[OPE-L:4925] Re: Re: Re: Re: Re: Re: Re: Re: rent and the working class

From: Fred B. Moseley (fmoseley@mtholyoke.edu)
Date: Fri Feb 16 2001 - 23:38:12 EST

On Sat, 10 Feb 2001, Rakesh Narpat Bhandari wrote:

> I agree with you that prices of production change only as a result of 
> changes in the productivity of labor; this is exactly why they change 
> interperiodically. Technical change is continuous, albeit uneven.

Rakesh, sorry for my delayed response.  It's been a busy week.

I am glad that you agree that prices of production change ONLY as
a result of changes in the productivity of labor.  

But what you don't seem to understand is that, if that is true, then input
prices must be equal to output prices (i.e. both input prices and output
prices are long-run average prices.  Because if input prices are not equal
to output prices, then prices of production will continue to change in
subsequent periods (in order to equalize profit rates) EVEN THOUGH THERE
IS NO CHANGE IN THE PRODUCTIVITY OF LABOR - as in the first 13 periods in
Andrew and Ted's 14 (1988) article.  This is another cause of changes in
prices of production (input prices not equal to output prices), without
changes in the productivity of labor, which is contrary to Marx's
theory.  Do you see this?  Or if you disagree with this for some reason,
please explain.  

> But prices of production are changing interperiodically; they are not 
> the same at t1, t3, t5, etc..

I certainly agree that prices of production may be chaning
interperiodically.  I think you have misunderstood me here.  See below.

> To take your example: let's say that there is a technical change in 
> Branch A between t0 and t1. Now you argue that it will take some time 
> for the market price to adjust to the new price of production 
> established at t1. But in your interpretation at some point--let's 
> settles down into its new price of production which had been 
> established as far back as t1. But this is highly unreasonable. It 
> now only assumes that advances in labor productivity in Branch A are 
> not continuous orinterperiodic; it also assumes that there are no 
> advances in labor productivity in any other branch until t7, for a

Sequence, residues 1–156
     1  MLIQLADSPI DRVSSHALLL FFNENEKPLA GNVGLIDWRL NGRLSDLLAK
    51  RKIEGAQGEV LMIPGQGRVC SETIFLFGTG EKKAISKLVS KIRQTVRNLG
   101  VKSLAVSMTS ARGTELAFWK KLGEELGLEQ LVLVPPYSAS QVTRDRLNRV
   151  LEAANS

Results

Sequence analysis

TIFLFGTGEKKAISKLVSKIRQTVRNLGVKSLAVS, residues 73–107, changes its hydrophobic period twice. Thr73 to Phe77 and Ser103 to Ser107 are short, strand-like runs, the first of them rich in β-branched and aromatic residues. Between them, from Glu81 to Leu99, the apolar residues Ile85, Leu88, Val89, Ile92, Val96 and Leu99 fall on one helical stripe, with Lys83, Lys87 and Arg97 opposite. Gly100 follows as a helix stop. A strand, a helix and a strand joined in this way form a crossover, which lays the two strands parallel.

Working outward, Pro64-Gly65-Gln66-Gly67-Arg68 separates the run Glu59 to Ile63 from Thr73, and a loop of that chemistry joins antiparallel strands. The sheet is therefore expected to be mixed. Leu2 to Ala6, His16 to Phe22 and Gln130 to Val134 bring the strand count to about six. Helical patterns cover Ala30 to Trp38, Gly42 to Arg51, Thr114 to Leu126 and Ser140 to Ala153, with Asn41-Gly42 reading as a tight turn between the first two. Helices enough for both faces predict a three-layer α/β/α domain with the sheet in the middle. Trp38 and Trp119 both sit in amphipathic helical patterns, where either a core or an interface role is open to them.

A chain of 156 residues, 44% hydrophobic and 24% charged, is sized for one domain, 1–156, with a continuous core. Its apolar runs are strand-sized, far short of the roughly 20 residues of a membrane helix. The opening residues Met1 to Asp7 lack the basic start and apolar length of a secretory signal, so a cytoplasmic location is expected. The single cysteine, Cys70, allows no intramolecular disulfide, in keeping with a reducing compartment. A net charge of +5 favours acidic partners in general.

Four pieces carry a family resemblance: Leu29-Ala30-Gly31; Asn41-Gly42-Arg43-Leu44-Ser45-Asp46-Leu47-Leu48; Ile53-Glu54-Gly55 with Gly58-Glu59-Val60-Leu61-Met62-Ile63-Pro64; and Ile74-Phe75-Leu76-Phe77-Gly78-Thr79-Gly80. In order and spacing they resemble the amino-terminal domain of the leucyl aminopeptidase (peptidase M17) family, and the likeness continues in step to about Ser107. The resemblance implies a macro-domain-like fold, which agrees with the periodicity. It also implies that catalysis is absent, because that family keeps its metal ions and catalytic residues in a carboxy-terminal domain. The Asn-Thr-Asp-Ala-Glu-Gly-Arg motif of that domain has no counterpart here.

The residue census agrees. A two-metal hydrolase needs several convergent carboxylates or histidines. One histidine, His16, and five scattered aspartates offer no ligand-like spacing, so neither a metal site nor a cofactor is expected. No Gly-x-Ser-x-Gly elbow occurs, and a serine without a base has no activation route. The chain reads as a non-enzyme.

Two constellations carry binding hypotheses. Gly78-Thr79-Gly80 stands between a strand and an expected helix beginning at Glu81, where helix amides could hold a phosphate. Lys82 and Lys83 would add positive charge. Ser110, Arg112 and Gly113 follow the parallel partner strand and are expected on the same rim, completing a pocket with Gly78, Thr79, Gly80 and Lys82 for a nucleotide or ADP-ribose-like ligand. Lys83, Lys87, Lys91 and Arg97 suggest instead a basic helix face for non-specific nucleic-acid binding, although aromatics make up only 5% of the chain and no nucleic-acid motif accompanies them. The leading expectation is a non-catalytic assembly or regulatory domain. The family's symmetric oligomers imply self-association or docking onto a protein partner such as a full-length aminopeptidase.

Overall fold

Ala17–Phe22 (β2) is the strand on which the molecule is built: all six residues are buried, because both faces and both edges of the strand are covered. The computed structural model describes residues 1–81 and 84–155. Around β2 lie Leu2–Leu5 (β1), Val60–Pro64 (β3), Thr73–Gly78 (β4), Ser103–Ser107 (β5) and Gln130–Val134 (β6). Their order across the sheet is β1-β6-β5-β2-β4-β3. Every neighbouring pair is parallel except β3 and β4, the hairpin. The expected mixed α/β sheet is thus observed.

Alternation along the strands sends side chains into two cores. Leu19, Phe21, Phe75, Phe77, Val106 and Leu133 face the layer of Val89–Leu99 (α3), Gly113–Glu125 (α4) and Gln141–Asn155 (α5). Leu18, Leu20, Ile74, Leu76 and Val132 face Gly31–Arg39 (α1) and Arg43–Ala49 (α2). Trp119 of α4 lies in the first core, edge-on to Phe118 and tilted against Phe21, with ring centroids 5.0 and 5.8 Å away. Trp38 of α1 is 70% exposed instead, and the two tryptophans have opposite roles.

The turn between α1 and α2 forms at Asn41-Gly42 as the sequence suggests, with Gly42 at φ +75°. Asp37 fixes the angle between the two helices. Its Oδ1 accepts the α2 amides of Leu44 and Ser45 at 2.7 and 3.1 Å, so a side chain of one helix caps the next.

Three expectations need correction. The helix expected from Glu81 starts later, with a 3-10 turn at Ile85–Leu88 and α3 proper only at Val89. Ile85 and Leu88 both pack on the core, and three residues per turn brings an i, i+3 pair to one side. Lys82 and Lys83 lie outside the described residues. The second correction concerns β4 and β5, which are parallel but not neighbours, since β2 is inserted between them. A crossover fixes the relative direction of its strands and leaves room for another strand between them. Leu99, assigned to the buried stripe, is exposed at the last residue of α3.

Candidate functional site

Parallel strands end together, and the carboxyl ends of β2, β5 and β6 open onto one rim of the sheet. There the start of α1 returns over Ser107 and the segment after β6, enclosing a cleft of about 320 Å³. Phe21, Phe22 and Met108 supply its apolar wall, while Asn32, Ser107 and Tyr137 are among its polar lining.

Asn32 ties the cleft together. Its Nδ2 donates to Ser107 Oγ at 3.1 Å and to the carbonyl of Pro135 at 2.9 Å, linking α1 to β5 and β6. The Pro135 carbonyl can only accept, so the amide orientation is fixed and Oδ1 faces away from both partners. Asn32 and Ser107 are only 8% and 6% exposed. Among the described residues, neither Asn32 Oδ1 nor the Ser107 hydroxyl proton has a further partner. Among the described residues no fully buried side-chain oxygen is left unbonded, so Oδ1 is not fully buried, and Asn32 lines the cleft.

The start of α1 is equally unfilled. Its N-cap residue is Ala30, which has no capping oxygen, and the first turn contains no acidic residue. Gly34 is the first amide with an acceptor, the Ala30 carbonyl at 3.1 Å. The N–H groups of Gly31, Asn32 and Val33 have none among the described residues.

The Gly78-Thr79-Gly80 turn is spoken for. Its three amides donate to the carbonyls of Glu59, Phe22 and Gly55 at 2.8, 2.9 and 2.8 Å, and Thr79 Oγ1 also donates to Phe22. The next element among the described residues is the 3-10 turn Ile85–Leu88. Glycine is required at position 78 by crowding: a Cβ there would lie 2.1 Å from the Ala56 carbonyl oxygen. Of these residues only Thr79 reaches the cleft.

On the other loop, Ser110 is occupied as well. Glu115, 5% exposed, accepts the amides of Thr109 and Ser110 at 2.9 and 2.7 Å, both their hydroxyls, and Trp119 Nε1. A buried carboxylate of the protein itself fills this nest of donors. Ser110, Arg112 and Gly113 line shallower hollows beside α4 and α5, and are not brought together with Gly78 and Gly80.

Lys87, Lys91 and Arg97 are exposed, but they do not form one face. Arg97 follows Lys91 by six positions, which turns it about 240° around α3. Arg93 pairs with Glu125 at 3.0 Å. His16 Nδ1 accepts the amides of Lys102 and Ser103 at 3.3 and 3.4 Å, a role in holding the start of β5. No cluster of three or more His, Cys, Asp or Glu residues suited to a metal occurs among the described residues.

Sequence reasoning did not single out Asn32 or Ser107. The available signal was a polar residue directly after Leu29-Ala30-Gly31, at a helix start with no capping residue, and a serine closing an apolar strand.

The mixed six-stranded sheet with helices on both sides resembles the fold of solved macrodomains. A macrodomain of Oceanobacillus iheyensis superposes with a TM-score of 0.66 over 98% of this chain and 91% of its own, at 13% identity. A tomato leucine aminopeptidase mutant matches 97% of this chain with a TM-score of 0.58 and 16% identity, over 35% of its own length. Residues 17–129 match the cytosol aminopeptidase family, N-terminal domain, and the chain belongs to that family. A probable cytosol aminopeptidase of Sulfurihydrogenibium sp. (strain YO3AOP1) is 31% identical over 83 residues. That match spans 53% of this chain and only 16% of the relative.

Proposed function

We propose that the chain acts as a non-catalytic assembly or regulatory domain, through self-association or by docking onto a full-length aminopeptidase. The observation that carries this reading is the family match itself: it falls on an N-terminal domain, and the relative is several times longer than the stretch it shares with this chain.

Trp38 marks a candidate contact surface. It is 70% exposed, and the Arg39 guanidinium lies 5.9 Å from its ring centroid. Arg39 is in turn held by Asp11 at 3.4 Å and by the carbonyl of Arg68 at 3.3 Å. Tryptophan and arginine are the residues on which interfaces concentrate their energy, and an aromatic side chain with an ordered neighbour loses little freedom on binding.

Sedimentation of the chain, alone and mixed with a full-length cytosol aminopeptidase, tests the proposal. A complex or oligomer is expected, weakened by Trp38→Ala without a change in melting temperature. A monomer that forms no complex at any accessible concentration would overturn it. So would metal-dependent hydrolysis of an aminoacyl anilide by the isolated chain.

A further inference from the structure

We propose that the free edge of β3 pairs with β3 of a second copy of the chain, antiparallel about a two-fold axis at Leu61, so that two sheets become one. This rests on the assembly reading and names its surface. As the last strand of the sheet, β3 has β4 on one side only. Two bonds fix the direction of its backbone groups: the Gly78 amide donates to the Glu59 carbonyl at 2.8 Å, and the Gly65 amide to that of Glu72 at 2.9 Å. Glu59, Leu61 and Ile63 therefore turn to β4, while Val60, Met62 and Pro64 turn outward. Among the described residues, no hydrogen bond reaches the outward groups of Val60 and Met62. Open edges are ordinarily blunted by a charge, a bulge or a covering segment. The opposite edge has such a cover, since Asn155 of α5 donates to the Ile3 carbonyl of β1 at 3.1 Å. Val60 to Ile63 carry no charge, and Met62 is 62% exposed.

> change in labor productivity anywhere else would be sufficient to 
> change prices of production all around and the price of production of 
> A at t3, t5...

I am not sure what you mean by the emphasized "the price of production of
A will be equal ... "   Equal to what?  Do you mean that the market price
of A will eventually be equal to its price of production (in the absence
of further technical change)?  If not, then please explain what you
mean.  If so, this is not what I am arguing.  I am not arguing that there
will be no further technical change until the market price becomes equal
to the new price of production.  I only argue that the new price of 
production becomes the new center of gravity toward which market
prices gravitate.  If there is further technical change before the market
price reaches the new price of production, then there will be a newer
price of production, which will become the newer center of gravity,
etc.  But each time the price of production changes, input prices will
continue to be equal to output prices.  Otherwise, there would further
changes in prices of production, even if there is no further change in the
productivity of labor, as explained above.  

I look forward to further discussion.


P.S.  Rakesh, thank you very much for your articulation of my
interpretation in response to Andrew in several posts this week.  You are
correct.  With his corn-corn model in terms of physical quantities, Andrew
is asking me to determine prices of production with a method that I have
explicitly and vehemently rejected.  

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